As with any Olympic year, the greeting the New Year in 2008 will set a lot of butterflies flapping in a lot of people’s stomachs. The athletes for example (particularly those of the host nation), and of course the organisers. However, the Beijing Olympics will not be like most Olympics (for both reasons within, and out of the control of the organisers).
“The number one anxiety in 2008 for China’s political leaders, is, of course, the Beijing Olympic Games. Whether they will bring China glory or stigma is a major concern in 2008. No one is clearer than China’s leaders that the real issue is not how many medals China can win, not even whether the opening is brilliant, but how much of the dirty linen of China’s political darkness will be aired thanks to the “great Games”.
“While we can’t tell how many people share the regime’s anxiety over the Beijing Olympic Games, no one doubts the general anxiety about the economy in 2008: everyone, rich or poor, officials and populace, is anxious.”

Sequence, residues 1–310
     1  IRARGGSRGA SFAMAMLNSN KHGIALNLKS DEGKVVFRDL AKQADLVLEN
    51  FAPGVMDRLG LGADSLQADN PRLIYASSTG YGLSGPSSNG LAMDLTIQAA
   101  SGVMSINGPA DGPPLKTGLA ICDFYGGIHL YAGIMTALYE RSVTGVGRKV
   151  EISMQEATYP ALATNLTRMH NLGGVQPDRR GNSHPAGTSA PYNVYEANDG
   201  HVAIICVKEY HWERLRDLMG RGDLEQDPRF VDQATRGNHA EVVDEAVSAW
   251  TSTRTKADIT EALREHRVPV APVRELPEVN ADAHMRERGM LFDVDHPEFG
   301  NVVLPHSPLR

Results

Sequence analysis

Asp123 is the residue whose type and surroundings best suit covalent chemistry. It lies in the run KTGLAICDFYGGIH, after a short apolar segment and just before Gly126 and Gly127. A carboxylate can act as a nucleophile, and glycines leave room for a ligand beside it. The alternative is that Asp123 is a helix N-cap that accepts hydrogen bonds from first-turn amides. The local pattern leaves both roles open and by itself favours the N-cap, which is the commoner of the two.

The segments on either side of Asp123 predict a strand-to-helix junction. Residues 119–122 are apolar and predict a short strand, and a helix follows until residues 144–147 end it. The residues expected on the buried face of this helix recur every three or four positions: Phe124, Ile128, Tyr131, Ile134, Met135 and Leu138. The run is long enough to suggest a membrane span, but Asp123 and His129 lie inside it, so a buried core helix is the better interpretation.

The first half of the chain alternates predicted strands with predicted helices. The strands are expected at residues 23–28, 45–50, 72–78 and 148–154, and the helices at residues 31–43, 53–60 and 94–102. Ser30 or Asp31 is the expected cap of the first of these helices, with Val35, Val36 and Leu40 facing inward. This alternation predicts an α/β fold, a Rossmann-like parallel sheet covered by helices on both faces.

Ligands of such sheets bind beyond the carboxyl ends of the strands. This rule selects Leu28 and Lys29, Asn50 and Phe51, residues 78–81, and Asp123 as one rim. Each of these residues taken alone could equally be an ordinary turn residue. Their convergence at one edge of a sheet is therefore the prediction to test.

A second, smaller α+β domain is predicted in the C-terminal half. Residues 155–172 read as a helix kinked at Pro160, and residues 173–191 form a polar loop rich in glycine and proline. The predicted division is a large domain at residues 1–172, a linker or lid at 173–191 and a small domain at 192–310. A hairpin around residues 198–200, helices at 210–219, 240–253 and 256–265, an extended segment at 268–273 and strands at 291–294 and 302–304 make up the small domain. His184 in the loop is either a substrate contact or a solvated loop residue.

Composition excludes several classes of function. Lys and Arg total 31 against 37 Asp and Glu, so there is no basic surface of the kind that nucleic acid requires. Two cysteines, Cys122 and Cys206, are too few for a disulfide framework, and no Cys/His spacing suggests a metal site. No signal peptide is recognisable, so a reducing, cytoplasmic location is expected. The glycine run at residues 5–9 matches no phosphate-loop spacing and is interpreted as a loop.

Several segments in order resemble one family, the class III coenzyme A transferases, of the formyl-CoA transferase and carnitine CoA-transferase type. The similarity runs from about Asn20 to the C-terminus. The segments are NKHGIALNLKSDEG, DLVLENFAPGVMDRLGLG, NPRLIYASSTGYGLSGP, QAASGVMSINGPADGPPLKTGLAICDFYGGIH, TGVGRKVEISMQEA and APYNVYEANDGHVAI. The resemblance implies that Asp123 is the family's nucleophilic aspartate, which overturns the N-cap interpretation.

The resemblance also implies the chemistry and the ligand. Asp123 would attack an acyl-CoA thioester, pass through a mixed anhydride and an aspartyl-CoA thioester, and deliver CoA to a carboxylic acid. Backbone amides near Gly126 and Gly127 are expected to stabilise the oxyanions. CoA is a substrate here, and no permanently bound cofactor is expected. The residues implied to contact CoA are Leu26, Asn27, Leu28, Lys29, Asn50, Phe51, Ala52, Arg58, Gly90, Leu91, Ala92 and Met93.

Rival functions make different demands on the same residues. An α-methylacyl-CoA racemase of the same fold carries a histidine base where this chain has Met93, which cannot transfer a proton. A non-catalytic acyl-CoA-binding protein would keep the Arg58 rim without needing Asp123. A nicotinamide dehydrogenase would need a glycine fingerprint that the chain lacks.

Liang Ting describes the “thousands of “petitioners” with grievances of every kind all over the country, who may very well bring their petitions to Beijing over the period of the Olympic Games”. Onlookers may also be anxious that “if various levels of local governments unscrupulously “curtail petitioning” under high pressure from Beijing, more vicious incidents will be produced and China will lose face”.